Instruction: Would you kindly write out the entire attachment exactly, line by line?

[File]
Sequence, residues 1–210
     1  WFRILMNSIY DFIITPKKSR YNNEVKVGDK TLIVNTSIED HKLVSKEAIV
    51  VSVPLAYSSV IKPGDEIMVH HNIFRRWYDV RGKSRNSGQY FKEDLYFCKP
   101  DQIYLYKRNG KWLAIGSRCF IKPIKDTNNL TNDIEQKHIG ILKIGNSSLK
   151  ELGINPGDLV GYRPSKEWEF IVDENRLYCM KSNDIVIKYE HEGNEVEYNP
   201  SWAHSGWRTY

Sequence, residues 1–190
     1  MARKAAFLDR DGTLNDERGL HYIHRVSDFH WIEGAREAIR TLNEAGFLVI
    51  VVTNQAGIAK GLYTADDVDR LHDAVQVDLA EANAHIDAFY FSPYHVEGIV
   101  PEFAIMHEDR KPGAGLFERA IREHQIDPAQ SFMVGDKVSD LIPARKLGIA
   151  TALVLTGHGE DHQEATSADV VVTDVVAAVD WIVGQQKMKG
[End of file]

Sequence, residues 1–210
     1  WFRILMNSIY DFIITPKKSR YNNEVKVGDK TLIVNTSIED HKLVSKEAIV
    51  VSVPLAYSSV IKPGDEIMVH HNIFRRWYDV RGKSRNSGQY FKEDLYFCKP
   101  DQIYLYKRNG KWLAIGSRCF IKPIKDTNNL TNDIEQKHIG ILKIGNSSLK
   151  ELGINPGDLV GYRPSKEWEF IVDENRLYCM KSNDIVIKYE HEGNEVEYNP
   201  SWAHSGWRTY

Sequence, residues 1–190
     1  MARKAAFLDR DGTLNDERGL HYIHRVSDFH WIEGAREAIR TLNEAGFLVI
    51  VVTNQAGIAK GLYTADDVDR LHDAVQVDLA EANAHIDAFY FSPYHVEGIV
   101  PEFAIMHEDR KPGAGLFERA IREHQIDPAQ SFMVGDKVSD LIPARKLGIA
   151  TALVLTGHGE DHQEATSADV VVTDVVAAVD WIVGQQKMKG